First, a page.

Boston Dr. Astier Almedon, a fellow at the Tufts Institute for Global Leadership from Eritrea who directed the International Resilience Program, was our gracious host and moderator for an afternoon at the college meeting first with faculty and later with an interesting group of students. It had been a commitment of the “in for a penny in for a pound” type without a full recognition of whatever and whomever might be involved.
I barely made it to Medford thanks to a lift from a friend, Tim Costello, after a fascinating and exciting discussion about a potential partnership between him and his team with Global Labor Strategies and ACORN International to look at whether or not we could build organizing and research capacity to look at Asian-based multi-national corporations and corporations that operated in that part of the world. Tim and his partners have been flailing away importantly in developing a deeper understanding of labor and corporate practices in Europe and more recently China, and, like ACORN International over the same period, have been making progress without yet achieving full stability and sustainability. It would be fun to triangulate their work with our work internationally and our additional research and campaign capacity in St. Pete. But, I digress.
In my confusion at Tufts I wandered up to the 2nd floor of an office packed house on Packer Street looking for the person I thought she had referred to as the “Chairman,” I assumed of her department or institute. I had a “who’s on first, what’s on second” conversation with a fellow I ran into on the stairway who said he was Sherman, while I kept saying I was looking for the Chairman. It went like that for way too long before it became finally clear to me that Dr. Almedom must have been saying “Sherman” no matter what I thought I was hearing.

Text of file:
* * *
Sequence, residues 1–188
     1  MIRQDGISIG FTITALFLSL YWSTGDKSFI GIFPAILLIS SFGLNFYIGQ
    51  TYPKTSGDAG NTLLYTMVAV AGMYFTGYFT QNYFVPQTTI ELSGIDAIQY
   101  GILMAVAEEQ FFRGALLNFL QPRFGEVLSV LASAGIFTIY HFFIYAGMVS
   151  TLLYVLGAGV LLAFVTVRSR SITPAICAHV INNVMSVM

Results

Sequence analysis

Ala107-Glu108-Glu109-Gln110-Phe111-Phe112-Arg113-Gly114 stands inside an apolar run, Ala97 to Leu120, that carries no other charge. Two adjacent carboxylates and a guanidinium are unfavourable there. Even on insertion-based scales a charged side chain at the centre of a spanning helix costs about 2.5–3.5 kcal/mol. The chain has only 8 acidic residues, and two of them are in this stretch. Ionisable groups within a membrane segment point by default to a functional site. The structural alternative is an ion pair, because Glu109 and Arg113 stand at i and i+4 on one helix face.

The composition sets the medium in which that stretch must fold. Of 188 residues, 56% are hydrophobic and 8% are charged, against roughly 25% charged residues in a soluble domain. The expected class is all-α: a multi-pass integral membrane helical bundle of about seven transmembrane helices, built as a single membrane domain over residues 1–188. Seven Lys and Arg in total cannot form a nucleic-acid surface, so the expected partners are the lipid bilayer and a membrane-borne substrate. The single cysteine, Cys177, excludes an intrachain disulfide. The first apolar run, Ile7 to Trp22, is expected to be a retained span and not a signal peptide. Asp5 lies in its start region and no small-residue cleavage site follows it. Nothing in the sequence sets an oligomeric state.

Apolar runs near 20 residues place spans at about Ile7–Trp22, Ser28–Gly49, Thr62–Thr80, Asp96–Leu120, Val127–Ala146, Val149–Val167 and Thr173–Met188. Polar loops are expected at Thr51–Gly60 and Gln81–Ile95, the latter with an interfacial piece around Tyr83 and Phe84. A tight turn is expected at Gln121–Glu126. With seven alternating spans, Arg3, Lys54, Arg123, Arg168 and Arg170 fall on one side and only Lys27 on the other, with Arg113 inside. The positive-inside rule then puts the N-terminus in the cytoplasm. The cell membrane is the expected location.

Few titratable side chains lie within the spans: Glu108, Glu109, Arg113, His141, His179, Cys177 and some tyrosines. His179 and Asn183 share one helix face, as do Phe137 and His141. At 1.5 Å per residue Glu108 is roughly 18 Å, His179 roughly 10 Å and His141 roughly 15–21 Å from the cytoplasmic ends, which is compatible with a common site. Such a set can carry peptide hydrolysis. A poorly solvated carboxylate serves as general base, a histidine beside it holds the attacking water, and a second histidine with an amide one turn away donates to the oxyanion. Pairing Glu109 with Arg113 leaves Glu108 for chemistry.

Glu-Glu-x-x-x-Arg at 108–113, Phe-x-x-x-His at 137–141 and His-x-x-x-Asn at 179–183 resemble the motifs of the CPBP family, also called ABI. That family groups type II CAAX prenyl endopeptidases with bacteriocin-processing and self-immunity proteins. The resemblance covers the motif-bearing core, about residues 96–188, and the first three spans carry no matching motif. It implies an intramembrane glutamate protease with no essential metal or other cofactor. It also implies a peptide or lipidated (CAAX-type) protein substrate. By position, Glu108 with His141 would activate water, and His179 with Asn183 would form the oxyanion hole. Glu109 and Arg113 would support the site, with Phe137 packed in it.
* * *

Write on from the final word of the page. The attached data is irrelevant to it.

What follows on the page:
Sherman Teichman turned out to be the director not only of the Institute for Global Leadership but also a fascinating network of activist and committed students under the auspices of EPIIC or Education for Public Inquiry and International Citizenship. Sherman was a live wire and a passionate advocate for his program and all of his students over the years. He would often stop in midsentence to point to a picture of some speaker he thought we should know or flip through a book of photos and essays from some part of the world produced by a recent EPIIC graduate or point out that Matt Bai of the New York Times was a Tufts grad and EPIIC booster. I bet he drives the academy crazy, but I found him to be a hoot.
Importantly, he was also saying something that sounded like it could be music to our ears. He was offering students to me by the truckload as researchers or interns or organizers. If we would train them and supervise them they would be good to go for two weeks, a month, three months, six months, a year — you name it. This was worth figuring out and sounded great!
The several hours we spent in the panel before some 40+ EPIIC students did nothing but confirm what seemed like good fortune. The questions were well thought out and on target. The students were seemed serious and committed. One young woman from Houston asked me about the difference between how Houston has dealt with Katrina refugees versus Baton Rouge, which was a great question and gave me that rare chance to give props to Houston’s Mayor White for everything he did back then for Katrina survivors. Another asked all of us about the difference between a “natural disaster” and terrorism, giving me a chance to prop the Hartman-Squires volume: There is No Such Thing as a Natural Disaster.
At the end Chairman Sherman, as I will no doubt remember him, came up and invited me back to their annual symposium next February focusing this year on Global Cities that would give me a chance to talk more about ACORN International’s work in major cities around the world. I was glad to say yes and for the chance to tighten this partnership down.